Thursday, August 20, 2009

Science, Theology and "The Way the World Is"

Book Review: John Polkinghorne, The Way the World Is: The Christian Perspective of a Scientist (Westminster John Know Press, 2007)

"To me this Christian world view has the mark of truth, a coherence, a degree of realism and an adequate complexity, which match the strange way the world is." John Polkinghorne
Since the eighteenth century it has been common to make a distinction between faith and science as forms of knowing. Faith is simply a matter of believing things to be true while science is based on evidence. This distinction is now the central dogma of modern atheism and it is now assumed to be true even among some Christians who fail to see that it neatly sidelines them in any discussion of public policy ("Don't impose your religious dogma on other people! We simply believe what science tells us!"). John Polkinghorne argues that this distinction is completely without foundation and sets out to show that Christian faith is motivated by a knowledge of the truth, a knowledge of "the way the world is".
Polkinghorne knows a great deal about the subject. After a successful career in theoretical physics at Cambridge University he decided (at age fifty) to study theology at Cambridge and to be ordained in the Church of England. Since then he has written extensively on the relation between science and theology.
Many "scientific" approaches to theology are really a form of rationalism in which it is assumed, for example, that miracles can not occur so that Christianity must be revised to exclude them. This began in the eighteenth century and it lead first to deism and then to atheism as God became irrelevant even for people who supposedly believed. Polkinghorne, in contrast, follows what he calls a "bottom up" approach, the approach that he used in theoretical physics which pays close attention to the phenomena and then attempts to offer an explanation which best accounts for what is observed. Having done significant work in the area of quantum physics, Polkinghorne knows that the rationalist approach is simply inadequate in that it attempts to dictate in advance what can and can not happen. Reality, he insists, continually surprises us and we must expect that our expectations will have to be revised in light of a knowledge of reality.
Christianity is, therefore, what Polkinghorne calls "motivated belief," belief which seeks to base itself upon evidence and reason; belief which wants to know why it is true.
Polkinghorne argues that the structure of the universe presents us with evidence for the reality of God. As a theoretical physicist it strikes him as significant that not only is the universe ordered but that it is open to rational investigation and can be understood in terms of mathematics. It appears that the human mind was designed to comprehend the world and that the world was designed to be comprehended. That this is so can not be taken for granted and it means that the very possibility of science is grounded in something beyond itself. It is also significant that the universe contains the precise balance of chance and necessity to produce complex life and this balance of of a highly complex nature. To attribute the rational character of the universe and the existence of complex life to accident or blind causation seems inadequate as the probabilities for both are so low. For Polkinghorne, theology provides a more adequate foundation for science than does naturalism.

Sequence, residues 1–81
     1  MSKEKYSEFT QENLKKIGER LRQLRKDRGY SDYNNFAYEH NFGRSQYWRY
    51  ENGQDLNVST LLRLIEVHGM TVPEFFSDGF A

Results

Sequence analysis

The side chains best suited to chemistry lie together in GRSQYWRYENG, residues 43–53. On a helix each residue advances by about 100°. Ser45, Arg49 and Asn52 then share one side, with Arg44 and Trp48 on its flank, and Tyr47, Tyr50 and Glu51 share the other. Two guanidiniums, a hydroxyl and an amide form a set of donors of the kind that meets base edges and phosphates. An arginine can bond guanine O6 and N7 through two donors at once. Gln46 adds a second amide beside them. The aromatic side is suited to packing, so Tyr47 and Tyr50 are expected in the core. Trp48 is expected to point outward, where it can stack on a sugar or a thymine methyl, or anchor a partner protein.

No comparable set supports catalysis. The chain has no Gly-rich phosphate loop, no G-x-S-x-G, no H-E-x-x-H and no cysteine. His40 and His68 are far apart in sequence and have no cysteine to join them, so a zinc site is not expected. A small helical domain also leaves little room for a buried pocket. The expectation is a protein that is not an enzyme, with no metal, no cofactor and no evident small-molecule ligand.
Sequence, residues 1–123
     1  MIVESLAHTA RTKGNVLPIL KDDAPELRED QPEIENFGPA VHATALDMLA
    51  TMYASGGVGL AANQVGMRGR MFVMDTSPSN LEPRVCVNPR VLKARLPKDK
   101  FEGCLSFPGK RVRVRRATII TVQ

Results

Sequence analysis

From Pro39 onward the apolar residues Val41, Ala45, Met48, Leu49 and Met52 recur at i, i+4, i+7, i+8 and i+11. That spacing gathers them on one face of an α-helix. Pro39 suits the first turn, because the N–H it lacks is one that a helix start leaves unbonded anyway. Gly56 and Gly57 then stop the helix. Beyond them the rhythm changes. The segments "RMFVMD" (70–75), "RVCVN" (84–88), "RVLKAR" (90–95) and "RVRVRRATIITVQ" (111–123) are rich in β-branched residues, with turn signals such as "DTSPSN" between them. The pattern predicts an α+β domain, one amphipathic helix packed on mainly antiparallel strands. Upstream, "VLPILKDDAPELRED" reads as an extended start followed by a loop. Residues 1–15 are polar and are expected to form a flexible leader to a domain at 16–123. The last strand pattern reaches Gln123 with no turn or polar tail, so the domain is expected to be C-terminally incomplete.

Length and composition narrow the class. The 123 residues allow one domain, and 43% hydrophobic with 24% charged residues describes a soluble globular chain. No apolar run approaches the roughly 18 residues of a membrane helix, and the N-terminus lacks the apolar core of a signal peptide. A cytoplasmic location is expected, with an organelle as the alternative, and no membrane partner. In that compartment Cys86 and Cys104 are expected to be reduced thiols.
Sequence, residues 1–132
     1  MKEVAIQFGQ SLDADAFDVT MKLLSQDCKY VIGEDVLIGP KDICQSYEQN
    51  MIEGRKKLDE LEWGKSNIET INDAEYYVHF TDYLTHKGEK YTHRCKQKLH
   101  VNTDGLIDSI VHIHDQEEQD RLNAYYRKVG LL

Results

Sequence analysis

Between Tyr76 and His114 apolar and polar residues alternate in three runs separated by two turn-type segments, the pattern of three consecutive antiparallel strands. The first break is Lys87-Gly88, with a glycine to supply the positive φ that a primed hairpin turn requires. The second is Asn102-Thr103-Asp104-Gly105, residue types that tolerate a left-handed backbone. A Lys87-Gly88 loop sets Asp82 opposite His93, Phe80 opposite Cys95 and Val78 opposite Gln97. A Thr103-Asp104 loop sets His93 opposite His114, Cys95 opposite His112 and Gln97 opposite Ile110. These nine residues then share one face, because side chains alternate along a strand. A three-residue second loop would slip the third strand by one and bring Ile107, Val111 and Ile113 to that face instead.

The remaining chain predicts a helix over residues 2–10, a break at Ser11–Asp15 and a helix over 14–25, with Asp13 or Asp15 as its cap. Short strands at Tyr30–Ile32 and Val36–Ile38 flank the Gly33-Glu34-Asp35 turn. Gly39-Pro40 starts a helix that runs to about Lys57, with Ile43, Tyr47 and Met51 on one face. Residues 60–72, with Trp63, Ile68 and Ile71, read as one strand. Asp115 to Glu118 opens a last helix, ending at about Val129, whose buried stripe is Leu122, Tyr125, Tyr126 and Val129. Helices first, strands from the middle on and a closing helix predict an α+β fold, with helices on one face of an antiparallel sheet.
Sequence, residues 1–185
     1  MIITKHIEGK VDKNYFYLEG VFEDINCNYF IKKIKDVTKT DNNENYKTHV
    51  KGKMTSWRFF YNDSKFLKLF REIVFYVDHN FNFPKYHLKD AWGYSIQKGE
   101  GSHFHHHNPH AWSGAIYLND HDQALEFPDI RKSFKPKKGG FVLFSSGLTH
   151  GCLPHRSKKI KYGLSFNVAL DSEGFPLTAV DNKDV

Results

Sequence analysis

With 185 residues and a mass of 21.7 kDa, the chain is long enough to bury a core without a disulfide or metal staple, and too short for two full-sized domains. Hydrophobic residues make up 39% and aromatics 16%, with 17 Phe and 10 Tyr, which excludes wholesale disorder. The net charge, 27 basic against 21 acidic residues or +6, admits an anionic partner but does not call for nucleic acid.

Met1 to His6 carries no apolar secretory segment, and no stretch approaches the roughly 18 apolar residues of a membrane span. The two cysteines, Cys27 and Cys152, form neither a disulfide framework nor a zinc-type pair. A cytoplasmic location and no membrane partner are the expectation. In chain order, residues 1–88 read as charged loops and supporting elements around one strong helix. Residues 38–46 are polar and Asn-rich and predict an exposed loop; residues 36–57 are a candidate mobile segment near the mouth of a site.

In addition to the rationality of the universe there are also the fundamental human intuitions of beauty, moral obligation and goodness. A naturalistic view of the universe must finally discount these while a theology can integrate them into its worldview. The rationality of the universe, the experience of beauty, moral obligation and the intuition of goodness are all to be seen as intimations of the God who is the Creator. Theology has the capacity to integrate science, aesthetics, morality and value into a consistent worldview in a way that atheism or naturalism do not.
The bulk of the book is devoted to showing why Polkinghorne finds no conflict between his skills as a physicist and his embrace of orthodox Christian faith. He argues that skepticism about the reliability of the New Testament and gospel portrait of Jesus are largely without grounds. The New Testament gospels were composed from sources close to the events they portray, their picture of Jesus is consistent and the view of Jesus as closely associated with God emerged very early and was not a late invention.
Polkinghorne finds the resurrection to be a historically credible event. He notes that the assertion that miracles can not occur is not a scientific position but a philosophical assertion. Paul's testimony to the resurrection in 1 Corinthians 15 draws on established tradition which seems to go back to the event itself and it is difficult to argue that the narratives of Jesus' post-resurrection appearances are contrivances in that they portray the early church in an unflattering light and not expecting the resurrection and slow to accept it. Attempts to account for the radical transformation of the disciples and the existence of the Christianity through difficulty and persecution often involve contortions and outlandish hypotheses which are more incredible than resurrection faith.
Polkinghorne has important things to say about the development of the doctrine of the Trinity and about the existence of suffering and evil. In the final analysis, he is a Christian because Christianity makes sense of a complex world in a way that naturalism or atheism do not and are not able to.
This would be an ideal book to give to and discuss with a skeptic (and to read for oneself as well).


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